John T. Christian was born, December 14, 1854, near Lexington, Ky. His family moved to Henry county, Ky., when he was six years old, and there he grew to manhood.
He professed faith in Christ and joined the Campbellsburg church at the age of sixteen, under the preaching of Elder J. H. Spencer, that remarkable man and great preacher, who was loved and honored by Kentucky Baptists for over thirty years.
The stalwart orthodoxy of John T. Christian may be partially accounted for by his coming under the influence, at the very beginning of his religious life, of such a man as J. H. Spencer. Spencer's numerous protracted meetings were BAPTIST meetings. He "shunned not to declare all of the counsel of God," and his converts nearly all joined the church and became useful Baptists.
Dr. Christian was educated at Bethel College, Russellville, Ky., and learned his theology, partially at least, under Dr. W. W. Gardner, than whom a safer, sounder Baptist has not lived in the South.
In June, 1876, he graduated from that college with the Bachelor's Degree, and in 1880 the same institution conferred on him the degree of Master of Arts, and in 1888 the title of Doctor of Divinity.
All of these titles he richly deserves. Keachie College, La., in 1898, pronounced Dr. Christian a LL.D.
Not only have the colleges recognized his ability, but the whole Baptist denomination has been influenced by his ready and powerful pen, and by his skill as a debater. Nobody thinks of Dr. Christian as an ordinary man.
He was licensed to preach by the church at Campbellsburg, Ky., in July, 1876. He became pastor in Tupelo, Miss., beginning in 1877, and served that church two years. He was afterward pastor of Sardis Church, in the same State, and went from there to the First Baptist Church, Chattanooga, Tenn., beginning there March, 1883. Here he preached for three years, and then became Secretary of Missions for Mississippi. In 1893, beginning June 1, he accepted the care of the historic East Church, Louisville, Ky., where he has since preached with great acceptance.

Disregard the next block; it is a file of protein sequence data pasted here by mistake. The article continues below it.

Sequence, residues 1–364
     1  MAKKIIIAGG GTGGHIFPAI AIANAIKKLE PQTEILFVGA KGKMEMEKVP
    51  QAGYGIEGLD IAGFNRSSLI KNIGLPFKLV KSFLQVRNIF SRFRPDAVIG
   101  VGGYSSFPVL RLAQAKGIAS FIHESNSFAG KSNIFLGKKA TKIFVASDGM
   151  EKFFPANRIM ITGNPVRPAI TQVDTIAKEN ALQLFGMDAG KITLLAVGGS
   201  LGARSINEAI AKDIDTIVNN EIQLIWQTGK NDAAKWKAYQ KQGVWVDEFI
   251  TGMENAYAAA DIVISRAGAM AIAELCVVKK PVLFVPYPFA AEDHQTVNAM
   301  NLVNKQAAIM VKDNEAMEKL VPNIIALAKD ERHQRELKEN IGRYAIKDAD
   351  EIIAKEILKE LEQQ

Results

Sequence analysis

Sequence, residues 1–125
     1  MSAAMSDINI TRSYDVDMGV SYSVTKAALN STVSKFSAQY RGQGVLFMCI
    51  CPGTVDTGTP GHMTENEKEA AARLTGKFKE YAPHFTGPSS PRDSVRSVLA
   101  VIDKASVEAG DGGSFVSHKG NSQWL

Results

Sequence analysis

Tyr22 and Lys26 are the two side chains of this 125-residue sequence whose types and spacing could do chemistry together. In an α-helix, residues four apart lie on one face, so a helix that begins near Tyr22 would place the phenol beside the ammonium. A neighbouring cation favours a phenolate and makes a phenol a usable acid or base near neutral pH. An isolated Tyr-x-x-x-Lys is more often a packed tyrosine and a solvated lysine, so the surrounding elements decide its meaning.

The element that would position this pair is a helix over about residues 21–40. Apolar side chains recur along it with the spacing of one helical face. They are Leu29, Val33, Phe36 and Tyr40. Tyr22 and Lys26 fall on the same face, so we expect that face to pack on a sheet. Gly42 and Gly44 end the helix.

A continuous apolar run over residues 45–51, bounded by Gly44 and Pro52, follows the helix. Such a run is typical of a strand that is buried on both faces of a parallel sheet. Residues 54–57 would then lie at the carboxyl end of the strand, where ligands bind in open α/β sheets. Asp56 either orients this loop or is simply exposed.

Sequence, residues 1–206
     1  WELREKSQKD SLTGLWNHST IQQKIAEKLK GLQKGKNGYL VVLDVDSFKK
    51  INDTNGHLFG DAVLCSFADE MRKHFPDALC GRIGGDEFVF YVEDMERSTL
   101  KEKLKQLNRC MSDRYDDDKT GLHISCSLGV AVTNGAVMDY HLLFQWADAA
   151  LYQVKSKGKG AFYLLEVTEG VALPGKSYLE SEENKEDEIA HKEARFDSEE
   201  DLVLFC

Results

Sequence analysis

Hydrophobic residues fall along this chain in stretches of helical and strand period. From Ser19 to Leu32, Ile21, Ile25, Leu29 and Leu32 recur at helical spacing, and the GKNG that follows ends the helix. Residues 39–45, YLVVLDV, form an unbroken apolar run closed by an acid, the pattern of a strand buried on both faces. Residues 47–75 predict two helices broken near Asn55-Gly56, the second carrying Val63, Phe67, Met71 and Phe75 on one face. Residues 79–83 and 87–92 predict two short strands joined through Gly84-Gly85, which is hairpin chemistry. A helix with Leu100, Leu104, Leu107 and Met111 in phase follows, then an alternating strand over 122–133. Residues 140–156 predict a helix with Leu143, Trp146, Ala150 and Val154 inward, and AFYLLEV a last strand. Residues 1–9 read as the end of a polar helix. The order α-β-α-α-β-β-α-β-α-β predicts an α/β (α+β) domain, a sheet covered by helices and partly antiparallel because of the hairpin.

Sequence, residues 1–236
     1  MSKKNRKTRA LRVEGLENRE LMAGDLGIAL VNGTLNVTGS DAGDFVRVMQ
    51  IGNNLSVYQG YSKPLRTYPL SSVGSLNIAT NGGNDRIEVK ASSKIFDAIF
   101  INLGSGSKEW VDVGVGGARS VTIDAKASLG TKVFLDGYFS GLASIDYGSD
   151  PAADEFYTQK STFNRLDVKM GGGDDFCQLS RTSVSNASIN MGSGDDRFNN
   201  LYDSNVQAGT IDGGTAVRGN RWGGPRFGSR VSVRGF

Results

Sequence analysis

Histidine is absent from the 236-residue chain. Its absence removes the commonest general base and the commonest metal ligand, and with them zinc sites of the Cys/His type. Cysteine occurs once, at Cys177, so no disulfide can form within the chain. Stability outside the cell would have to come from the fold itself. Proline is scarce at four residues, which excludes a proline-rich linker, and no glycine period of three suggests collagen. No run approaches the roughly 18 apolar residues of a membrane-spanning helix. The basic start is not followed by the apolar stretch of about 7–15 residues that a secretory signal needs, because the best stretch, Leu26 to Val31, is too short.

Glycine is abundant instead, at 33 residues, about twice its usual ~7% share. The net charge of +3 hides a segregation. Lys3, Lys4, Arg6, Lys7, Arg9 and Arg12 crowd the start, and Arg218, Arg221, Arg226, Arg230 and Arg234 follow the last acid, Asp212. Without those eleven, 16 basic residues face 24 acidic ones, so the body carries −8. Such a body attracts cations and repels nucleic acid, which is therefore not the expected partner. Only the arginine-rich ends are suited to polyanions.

Dr. Christian is a man sought after by the churches, and those who sit under his preaching become stronger Baptists and more aggressive soldiers of the cross.
As an author he has but few equals. His book, entitled, "Immersion, The Act of Christian Baptism," has gone through twelve editions, and is without an equal in that class of, books. As a companion volume is his "Close Communion," which has gone through six editions and still finds a ready sale. "Americanism or Romanism, Which?" is a vigorous attack on Romanism, which has had a wide circulation, and it clearly and forcibly shows the danger American institutions are in from that source. "Did
They Dip?" is a discussion of the practice of English Baptists with regard to baptism prior to the year 1641. This is a valuab1e addition to Baptist history. "Four Theories of Church Government," a neat pamphlet and an able discussion of the theories mentioned. "Heathen and Infidel Testimonies to Jesus Christ," and "Blood of Jesus," are well prepared pamphlets of wide circulation. His latest book is entitled "Baptist History Vindicated." This is the most valuable history published in recent years. Facts, hitherto unknown, or imperfectly known, are brought to light in this able work. It has an "Appendix," entitled, "Testimony of Living Scholars of the Church of England to Immersion." This is a valuable book and should be studied by all who care to know the facts discussed.
No doubt many other books will be written by Dr. Christian during the many years which he shall probably yet live. He is only forty-five, and, if the Lord spares him for thirty or forty years of active service in the future, what may he not accomplish?
The greatest service Dr. Christian has ever rendered to the denomination was his able defence of the Baptists against the attacks of Dr. William H. Whitsitt. The theories and vagaries of Dr. Whitsitt were met, and that without mercy. In that great discussion, Dr. Christian displayed greater familiarity with the facts of history than any other man who took up his pen to write. He seemed to have already investigated every part of the subject, and the ease and strength manifested were a surprise to
all. To read what he had to say was to be convinced that he had been thoroughly over the ground before the question was raised.
His able defence of the Baptists at this most trying time won for him a place in this book and entitled him to the appellation of a "pillar of orthodoxy." His able article following this sketch, on "What Baptists have Done for the World," is worth the price of this volume.
[From Ben M. Bogard, Pillars of Orthodoxy, or Defenders of the Faith, 1900. - jrd]
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